Tatsuya’s immersal into all this thick political soup started with his breaking up of the Kendo club brawl without the use of magic, or at least a type of magic generally used. This has been a pretty talky show from the start, but aside from one brief scene of a failed accosting, Tatsuya essentially walks from room to room having discussions the whole episode.


As a result, the episode on the whole, while attempting to build up intrigue, comes off as a bit of a chore: divulging all this info is necessary for later payoffs, but nothing particularly interesting happened here. During some of these scenes Miyuki demonstrates her fierce loyalty to and affection for her brother, as well as her intense jealousy at the mere mention of him getting friendly with another female, which sets off her “Ice Mode.”


Mekakucity Actors – 03


After shifting, seemingly randomly, from Shintaro’s story to Momo’s, the show reveals that the events of the past two episodes preceded, then ran concurrently, with those of the first, only from fresh viewpoints. Therefore, the first three episodes comprise thee cohesive story of how the Kisaragi siblings met the Mekakushi-dan.


I thought this was very clever, and literally and figuratively filled-in the blanks on a first episode that seemed to be a bit too intentionally abstruse at times, while the second episode felt like the first of a series of episodic character portraits. This third episode ties everything together into a satisfying whole that also does a good job formally introducing seven of the nine members in the credits.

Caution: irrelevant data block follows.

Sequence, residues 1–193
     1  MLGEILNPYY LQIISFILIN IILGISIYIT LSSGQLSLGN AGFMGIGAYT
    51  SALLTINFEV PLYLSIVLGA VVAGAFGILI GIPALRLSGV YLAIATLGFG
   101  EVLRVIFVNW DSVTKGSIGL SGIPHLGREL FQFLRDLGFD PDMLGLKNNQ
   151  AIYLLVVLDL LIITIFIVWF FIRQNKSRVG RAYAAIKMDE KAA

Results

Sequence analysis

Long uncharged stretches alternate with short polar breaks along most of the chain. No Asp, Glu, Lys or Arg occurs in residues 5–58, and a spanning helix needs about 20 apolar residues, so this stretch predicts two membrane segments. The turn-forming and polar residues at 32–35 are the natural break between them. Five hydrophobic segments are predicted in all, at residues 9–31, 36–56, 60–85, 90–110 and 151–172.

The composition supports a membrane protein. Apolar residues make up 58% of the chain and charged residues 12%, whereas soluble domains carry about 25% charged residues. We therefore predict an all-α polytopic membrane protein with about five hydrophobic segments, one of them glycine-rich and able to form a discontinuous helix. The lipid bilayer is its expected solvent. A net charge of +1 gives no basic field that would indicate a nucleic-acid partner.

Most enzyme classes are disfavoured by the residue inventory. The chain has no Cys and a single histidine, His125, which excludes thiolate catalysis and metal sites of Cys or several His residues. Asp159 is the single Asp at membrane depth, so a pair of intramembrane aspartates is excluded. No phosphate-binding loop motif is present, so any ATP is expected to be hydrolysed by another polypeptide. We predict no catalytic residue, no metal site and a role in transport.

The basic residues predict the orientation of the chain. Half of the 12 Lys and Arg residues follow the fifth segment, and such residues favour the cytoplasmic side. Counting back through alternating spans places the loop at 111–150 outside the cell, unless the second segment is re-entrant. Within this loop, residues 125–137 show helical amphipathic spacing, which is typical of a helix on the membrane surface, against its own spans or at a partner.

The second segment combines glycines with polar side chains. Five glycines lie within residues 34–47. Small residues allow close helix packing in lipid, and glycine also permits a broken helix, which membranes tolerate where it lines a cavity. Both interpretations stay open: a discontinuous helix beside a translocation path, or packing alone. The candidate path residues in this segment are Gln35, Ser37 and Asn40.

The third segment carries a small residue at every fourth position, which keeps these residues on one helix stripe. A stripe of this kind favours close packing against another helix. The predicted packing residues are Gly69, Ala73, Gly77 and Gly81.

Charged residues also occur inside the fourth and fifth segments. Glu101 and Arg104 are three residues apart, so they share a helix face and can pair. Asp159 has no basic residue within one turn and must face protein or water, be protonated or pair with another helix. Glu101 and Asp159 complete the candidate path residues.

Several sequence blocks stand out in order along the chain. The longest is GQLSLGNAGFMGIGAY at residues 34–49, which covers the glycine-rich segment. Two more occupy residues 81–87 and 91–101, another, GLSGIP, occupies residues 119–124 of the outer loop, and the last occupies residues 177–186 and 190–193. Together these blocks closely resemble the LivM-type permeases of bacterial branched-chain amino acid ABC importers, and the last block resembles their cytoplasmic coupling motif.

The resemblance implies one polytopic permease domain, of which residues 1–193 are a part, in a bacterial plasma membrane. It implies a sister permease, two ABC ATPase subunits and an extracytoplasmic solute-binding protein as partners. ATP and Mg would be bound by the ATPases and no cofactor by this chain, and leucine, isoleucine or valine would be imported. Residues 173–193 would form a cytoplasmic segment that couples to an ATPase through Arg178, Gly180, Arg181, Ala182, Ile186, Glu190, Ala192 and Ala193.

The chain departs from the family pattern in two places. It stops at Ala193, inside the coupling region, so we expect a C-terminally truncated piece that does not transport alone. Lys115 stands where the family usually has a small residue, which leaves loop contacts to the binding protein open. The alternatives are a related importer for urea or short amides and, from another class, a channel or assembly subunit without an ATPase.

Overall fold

For their parts, the characters we saw hints of in the first episode make a far more lasting impression, and all of them own their roles well: Kido’s quiet angst; Kano’s incorrigible tricksterism; Seto’s affable calmness, and Marry’s clumsy vulnerability. They also all contribute their unique powers (all involving their eyes, which turn red when the powers are active) to the mission to save Momo’s bro.


Between invisible and super-visible girls, a girl who can stop people with her gaze, a guy who can read minds, and a guy who can make people see illusions, there’s plenty of power to go around. It’s not surprising that once they found each other they decided to form a group dedicated to watching each other’s backs; more family than gang, with a lot of nice interpersonal dynamics.